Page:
Pierre is our resident tree and shrub expert.  You’ll almost always find him outside in the yard watering and pruning, and on really windy days, picking up his trees.  He’s knowledgeable and friendly, truely loves his job and wants to find the right tree for your yard.  He’s informed me that this year he has an abundance of selection of fruit shrubs and trees that he’s excited to share with you.  Here goes the list:

Blueberries, Currants, Cherries, Gogiberries, Grapes, Gooseberries, Saskatoons, Raspberries, thornless Blackberries and of course, Strawberries and Rhubarb.

Apple, plum and pear trees are also always on the yard.

I have a few tips for understanding cross-pollination of your small fruit shrubs and trees to help ensure your success in producing delicious fruit.

Cross pollination refers to the transfer of pollen between flowers of genetically-distinct plants.  For cross-pollination species, at least two different cultivars from the same group must be planted in relatively close proximity for successful pollination and fruit production.  Insects will cross polinate a fruit tree when other suitable pollinator trees are growing within 450 feet.  However, cross pollination may be hampered by cool, rainy weather or the lack of pollinating insects.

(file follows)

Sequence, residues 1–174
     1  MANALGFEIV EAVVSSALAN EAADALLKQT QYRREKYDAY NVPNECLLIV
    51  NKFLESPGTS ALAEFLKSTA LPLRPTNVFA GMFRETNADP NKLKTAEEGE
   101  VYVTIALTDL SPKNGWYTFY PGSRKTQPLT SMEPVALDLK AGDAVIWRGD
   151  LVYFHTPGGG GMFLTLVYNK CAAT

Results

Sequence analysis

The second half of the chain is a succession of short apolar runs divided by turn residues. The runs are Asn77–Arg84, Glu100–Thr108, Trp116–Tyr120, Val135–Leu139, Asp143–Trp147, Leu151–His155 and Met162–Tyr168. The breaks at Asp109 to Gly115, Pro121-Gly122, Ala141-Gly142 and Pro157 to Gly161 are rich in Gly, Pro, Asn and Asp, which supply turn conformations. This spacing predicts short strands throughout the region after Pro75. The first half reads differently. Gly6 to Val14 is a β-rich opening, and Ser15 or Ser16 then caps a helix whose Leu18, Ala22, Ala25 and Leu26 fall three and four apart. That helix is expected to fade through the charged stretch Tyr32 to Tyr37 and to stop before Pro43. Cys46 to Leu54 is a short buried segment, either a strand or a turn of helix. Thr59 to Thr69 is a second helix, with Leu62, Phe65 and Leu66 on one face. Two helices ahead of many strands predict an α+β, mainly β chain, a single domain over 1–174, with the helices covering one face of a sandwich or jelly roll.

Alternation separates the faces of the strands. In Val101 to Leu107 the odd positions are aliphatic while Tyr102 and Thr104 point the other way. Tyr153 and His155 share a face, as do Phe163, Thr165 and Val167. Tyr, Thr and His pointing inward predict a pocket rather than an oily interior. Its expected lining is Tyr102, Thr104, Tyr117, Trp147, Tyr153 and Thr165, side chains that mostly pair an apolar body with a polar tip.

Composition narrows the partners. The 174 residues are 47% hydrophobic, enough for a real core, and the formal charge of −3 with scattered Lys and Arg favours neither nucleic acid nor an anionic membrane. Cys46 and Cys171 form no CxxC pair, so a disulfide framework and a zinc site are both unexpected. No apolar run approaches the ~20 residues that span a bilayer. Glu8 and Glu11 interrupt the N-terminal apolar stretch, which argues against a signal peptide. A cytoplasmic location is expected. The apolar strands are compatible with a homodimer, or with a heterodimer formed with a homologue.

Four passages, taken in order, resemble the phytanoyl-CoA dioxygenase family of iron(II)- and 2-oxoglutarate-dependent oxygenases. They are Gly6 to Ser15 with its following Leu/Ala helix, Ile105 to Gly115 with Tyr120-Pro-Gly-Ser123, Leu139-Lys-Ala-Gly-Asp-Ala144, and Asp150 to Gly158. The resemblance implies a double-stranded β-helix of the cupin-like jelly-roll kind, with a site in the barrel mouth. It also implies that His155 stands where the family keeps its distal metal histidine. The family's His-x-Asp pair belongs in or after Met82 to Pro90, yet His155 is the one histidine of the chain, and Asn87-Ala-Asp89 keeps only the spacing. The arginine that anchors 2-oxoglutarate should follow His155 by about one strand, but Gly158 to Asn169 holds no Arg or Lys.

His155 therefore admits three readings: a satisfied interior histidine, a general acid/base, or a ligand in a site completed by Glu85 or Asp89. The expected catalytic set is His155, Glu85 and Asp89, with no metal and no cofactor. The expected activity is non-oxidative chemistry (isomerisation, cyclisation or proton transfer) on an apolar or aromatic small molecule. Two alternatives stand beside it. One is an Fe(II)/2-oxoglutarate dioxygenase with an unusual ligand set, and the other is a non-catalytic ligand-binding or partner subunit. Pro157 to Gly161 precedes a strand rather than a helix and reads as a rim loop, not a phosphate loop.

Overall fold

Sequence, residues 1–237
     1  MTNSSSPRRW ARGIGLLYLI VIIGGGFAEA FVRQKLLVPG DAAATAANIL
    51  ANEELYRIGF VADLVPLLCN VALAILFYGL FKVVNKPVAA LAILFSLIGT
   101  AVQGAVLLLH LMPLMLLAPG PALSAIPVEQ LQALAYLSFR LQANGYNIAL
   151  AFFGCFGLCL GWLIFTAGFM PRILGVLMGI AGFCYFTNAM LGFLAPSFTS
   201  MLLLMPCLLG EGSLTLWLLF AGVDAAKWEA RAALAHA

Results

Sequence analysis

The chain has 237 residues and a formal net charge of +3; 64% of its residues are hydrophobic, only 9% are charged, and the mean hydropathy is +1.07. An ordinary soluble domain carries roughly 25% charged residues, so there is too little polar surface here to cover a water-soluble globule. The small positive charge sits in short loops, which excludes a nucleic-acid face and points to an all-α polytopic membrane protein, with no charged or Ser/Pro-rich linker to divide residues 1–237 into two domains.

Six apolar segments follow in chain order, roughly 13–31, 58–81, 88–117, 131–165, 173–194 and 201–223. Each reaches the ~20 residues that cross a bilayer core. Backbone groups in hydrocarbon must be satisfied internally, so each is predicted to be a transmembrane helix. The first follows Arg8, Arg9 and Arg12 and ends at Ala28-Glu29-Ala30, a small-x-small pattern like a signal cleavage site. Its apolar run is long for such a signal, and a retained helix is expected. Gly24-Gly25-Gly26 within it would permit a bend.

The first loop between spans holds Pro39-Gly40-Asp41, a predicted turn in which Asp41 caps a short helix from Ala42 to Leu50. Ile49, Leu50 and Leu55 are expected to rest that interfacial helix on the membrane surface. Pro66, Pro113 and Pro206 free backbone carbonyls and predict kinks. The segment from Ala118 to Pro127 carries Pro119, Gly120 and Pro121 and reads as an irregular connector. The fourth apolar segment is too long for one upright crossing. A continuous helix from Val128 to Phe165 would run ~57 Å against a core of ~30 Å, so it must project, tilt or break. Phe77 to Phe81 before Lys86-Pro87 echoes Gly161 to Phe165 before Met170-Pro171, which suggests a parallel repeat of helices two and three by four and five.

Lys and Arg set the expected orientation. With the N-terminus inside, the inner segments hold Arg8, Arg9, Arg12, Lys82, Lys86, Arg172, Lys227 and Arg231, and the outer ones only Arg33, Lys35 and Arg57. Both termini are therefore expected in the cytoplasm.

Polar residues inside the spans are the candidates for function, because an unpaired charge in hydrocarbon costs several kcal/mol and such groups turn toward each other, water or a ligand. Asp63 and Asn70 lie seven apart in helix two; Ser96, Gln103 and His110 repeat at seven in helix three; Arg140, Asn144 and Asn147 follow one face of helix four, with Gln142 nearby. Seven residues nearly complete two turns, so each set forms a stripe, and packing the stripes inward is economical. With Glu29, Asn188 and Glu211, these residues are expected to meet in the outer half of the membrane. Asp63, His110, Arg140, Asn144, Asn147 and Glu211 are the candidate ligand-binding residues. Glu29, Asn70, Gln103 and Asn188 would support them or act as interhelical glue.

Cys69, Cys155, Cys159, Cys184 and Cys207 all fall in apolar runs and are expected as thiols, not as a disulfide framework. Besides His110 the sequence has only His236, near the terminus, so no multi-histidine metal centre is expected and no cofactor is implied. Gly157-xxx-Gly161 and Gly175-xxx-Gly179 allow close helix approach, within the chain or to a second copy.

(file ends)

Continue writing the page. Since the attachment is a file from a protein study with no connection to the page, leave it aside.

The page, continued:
Fruit Tree Pollination – Apple – All apples, crabapples and applecrabs are closely related and can cross pollinate each other for fruit set.   

                                  – Apricot – Produce more reliably when pollinated by other apricots of Nanking Cherry.

                                  – Cherry Plum – Requires cross pollination by another cherry plum cultivar or Sandcherry.

                                  – Plum – Requires cross pollination by another plum cultivar or native plum species.

                                  – Pear – Requires cross pollination by another pear cultivar or Ussurian Pear seedling.

Small Fruit Pollination – Most hardy fruit shrubs are self-fertile and do not require cross pollination by another cultivar.

                                    – Cherry, Raspberry, Saskatoon and Strawberry are self-pollinating and only require one variety for fruit production.

                                    – Blueberry – Many are self pollinating, however planting multiple cultivars often results in larger berries and better yields.

                                    – Currant and Gooseberry – Self pollinating.  If currants are grown near gooseberries, your yields can be even greater.

                                    – Grape – Many are self-pollinating, however, some hybrids have non-viable pollen and require a pollinator.

                                    – Honeyberry – Requires cross-pollination by another cultivar of by Sweetberry honeysuckle.

When you’re ready to harvest the fruit, colour, firmness and flavour are the best indicators that your fruit is ready to be picked.